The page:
This Week's Parsha | Previous issues | Welcome
- Please Read!
'Speak to the Israelites and tell them… these are My Festivals.' (Lev. 23:2)
Parashat Emor is in the third book of the Torah - what the Midrash calls 'Torat Kohanim' - the laws of the Priests, the Tabernacle, and the offerings. Indeed, Parashat Emor opens with the details of the laws applicable to the Priesthood only, and returns to that theme towards the end with the priestly laws in connection with the candelabrum and the table in the Tabernacle.
But the middle part of the Parasha seems to leave the Priests in the cold, as it were. It brings the details of the dates and ways of observance of the Sabbaths and Festivals. But there is no elaboration on the festive offerings, or even the practice of going three times a year to the Temple. The public additional offerings are left vague - with the 'you shall bring a fire offering to G-d' (23:8,25,27,36), and there is no reference at all to the thrice annual pilgrimage to the Temple. These are detailed elsewhere in the Torah (Num. 28-29; Deut. 16 respectively). On balance, the Priests and the Temple get a 'poorer showing' than might be expected. What may be learnt from their not being detailed here?
Perhaps one of the lessons from those omissions is for the Priests themselves - and by extension, anyone in a paid religious public position. It is true that the Priests and Temple 'did well' out of the 'festive season', from their Torah-ordained 'cut' from the 'table of G-d'. So for that matter, do people today who 'officiate' - such as synagogue personnel…
But people should associate the Festivals with their true messages - not opportunities for personnel to make an income. The line between serving oneself and serving others is a very fine one.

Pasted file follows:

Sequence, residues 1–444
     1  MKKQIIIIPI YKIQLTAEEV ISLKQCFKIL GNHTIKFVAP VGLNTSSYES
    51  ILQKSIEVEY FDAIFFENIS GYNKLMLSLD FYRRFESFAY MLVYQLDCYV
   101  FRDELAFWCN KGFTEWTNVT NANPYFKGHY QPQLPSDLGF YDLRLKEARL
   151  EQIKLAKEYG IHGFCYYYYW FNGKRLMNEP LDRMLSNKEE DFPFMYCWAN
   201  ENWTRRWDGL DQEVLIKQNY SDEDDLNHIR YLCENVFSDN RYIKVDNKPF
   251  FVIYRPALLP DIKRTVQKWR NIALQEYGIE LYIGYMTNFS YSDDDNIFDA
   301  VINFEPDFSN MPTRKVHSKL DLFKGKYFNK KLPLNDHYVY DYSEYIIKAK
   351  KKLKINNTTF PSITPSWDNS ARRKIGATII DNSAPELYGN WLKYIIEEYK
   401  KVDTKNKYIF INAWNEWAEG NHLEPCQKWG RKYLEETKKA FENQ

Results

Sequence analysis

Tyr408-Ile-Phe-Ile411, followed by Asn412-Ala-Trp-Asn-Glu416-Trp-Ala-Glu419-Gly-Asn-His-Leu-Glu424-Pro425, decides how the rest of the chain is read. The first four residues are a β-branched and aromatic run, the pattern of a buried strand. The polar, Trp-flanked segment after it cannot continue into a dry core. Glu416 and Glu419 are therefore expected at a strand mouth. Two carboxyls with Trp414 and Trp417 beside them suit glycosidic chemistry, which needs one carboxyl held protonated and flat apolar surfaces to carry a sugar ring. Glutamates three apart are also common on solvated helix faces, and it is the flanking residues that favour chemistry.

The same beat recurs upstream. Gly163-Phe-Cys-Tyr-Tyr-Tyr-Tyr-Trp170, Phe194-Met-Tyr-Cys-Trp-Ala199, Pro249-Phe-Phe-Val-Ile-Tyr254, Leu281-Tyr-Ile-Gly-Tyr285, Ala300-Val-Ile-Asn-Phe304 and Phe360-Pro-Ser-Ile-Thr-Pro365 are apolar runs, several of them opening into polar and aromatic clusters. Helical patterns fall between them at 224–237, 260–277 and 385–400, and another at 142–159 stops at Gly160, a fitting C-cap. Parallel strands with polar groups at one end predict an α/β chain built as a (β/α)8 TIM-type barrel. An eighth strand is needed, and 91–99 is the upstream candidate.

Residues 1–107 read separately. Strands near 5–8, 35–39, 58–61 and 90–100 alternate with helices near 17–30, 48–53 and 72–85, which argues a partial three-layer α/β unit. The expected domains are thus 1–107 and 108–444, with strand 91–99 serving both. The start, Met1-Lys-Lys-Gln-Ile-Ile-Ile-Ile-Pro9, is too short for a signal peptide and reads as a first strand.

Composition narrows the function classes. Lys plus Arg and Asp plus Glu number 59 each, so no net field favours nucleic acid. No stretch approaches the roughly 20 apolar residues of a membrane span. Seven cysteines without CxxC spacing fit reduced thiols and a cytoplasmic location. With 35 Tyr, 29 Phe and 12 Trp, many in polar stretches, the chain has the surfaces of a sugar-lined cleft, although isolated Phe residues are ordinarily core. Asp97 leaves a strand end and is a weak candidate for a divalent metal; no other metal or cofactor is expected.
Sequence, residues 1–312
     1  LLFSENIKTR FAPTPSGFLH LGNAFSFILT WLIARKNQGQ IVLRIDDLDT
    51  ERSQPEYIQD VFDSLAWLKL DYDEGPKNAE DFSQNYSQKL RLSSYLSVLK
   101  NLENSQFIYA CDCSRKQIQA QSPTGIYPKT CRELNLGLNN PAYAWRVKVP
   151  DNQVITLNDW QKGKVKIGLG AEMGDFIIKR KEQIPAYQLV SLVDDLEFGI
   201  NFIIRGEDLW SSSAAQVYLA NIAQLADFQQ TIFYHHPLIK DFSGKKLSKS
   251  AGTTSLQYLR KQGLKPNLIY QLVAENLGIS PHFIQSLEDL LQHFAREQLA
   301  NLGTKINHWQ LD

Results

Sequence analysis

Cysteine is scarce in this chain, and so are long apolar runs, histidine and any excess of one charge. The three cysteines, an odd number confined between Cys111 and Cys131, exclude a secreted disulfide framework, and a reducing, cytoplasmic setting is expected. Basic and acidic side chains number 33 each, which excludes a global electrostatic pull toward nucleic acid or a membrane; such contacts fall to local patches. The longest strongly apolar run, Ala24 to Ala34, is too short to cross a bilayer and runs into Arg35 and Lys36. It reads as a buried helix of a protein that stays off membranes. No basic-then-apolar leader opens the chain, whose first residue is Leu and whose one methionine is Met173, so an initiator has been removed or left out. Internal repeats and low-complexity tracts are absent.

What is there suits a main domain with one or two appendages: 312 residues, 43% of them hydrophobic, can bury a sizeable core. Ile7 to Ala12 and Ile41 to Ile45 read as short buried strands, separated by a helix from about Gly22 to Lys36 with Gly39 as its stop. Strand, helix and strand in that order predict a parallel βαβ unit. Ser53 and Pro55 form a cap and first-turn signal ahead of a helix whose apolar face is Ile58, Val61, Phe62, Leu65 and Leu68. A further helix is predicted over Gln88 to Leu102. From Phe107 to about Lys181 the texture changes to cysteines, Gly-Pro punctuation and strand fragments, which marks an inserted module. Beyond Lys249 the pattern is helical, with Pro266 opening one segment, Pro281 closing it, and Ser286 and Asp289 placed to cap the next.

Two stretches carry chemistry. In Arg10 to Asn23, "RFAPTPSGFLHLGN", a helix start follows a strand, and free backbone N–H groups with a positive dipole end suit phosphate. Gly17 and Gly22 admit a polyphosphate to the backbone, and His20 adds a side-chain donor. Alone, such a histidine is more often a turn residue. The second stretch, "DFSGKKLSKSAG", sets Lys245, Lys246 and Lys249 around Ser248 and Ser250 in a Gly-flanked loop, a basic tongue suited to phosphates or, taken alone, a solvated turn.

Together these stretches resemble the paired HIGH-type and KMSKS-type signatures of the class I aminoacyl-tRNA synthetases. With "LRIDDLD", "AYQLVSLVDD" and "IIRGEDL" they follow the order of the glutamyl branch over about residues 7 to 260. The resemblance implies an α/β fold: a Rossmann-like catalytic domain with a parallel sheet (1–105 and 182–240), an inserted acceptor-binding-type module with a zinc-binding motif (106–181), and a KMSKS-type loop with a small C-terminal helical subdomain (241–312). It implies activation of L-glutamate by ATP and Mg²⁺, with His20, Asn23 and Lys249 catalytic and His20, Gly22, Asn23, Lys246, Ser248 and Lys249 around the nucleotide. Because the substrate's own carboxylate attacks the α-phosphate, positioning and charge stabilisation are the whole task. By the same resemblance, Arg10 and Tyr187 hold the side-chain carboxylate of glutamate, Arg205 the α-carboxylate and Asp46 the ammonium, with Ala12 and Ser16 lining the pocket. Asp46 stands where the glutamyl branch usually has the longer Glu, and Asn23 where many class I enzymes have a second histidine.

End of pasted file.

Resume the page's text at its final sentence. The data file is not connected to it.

This is exemplified with Enoch: 'Enoch walked with G-d'. (Gen. 5:24). The Midrash brings the tradition that he was a shoemaker, by profession. As he worked, he 'made unities with G-d'. That is understood to mean the following. Of course, he made shoes to earn a living. But that was not the way he saw it. He did not think: 'Let's see how much money we can get out of him'. Rather: 'I am making the very best pair of shoes I can for this customer, according to the style he likes. I do hope he will get good wear from them'.
That is how Enoch 'walked with G-d'. His physical actions were making a living as a shoemaker. But his attitude was one of positive spirituality - serving humanity. Like a Jerusalem dentist I know who says: 'I work to improve the world - tooth by tooth'. He didn't think how much he could take. He thought of how much he could give. He thought of serving G-d through his specialized skills, as a means of supplying the best goods to Humanity - His Creations. [And I dare say that his reputation endeared him to his customers and enabled him to do good business in the long run - and leave a good name behind.]
That may be a hidden message in the Torah's presenting the Festivals with the Tabernacle (and later the Temple) in the background. It is hint to the Priests and Levites - how they should interact with the crowds of people who assemble in their precincts. Their attitude should likewise be 'making unities with G-d'. They should not be using it as means of turning the Temple into a profitable business (as subsequently became the case during the first century CE, under the Sadducees), or even giving that impression to the public. Rather, their attitude should be orientated to the Festivals only, and to the Israelites and others who make the pilgrimage: along the lines of 'These people have put themselves to great trouble and personal expense to put together items for offerings, and to make the arduous journey up to Jerusalem'. What can we, as 'holy personnel' do to make their visit worthwhile, and leave them with good memories?'
Written by Jacob Solomon. Tel 02 673 7998. E-mail: firstname.lastname@example.org for any points you wish to raise and/or to join those that receive this Parasha sheet every week.
Parashiot from the First, Second, and Third Series may be viewed on the Shema Yisrael web-site: http://www.shemayisrael.co.il/parsha/solomon/archives/archives.htm
Also by Jacob Solomon:
This article is provided as part of Shema Yisrael Torah Network
For information on subscriptions, archives, and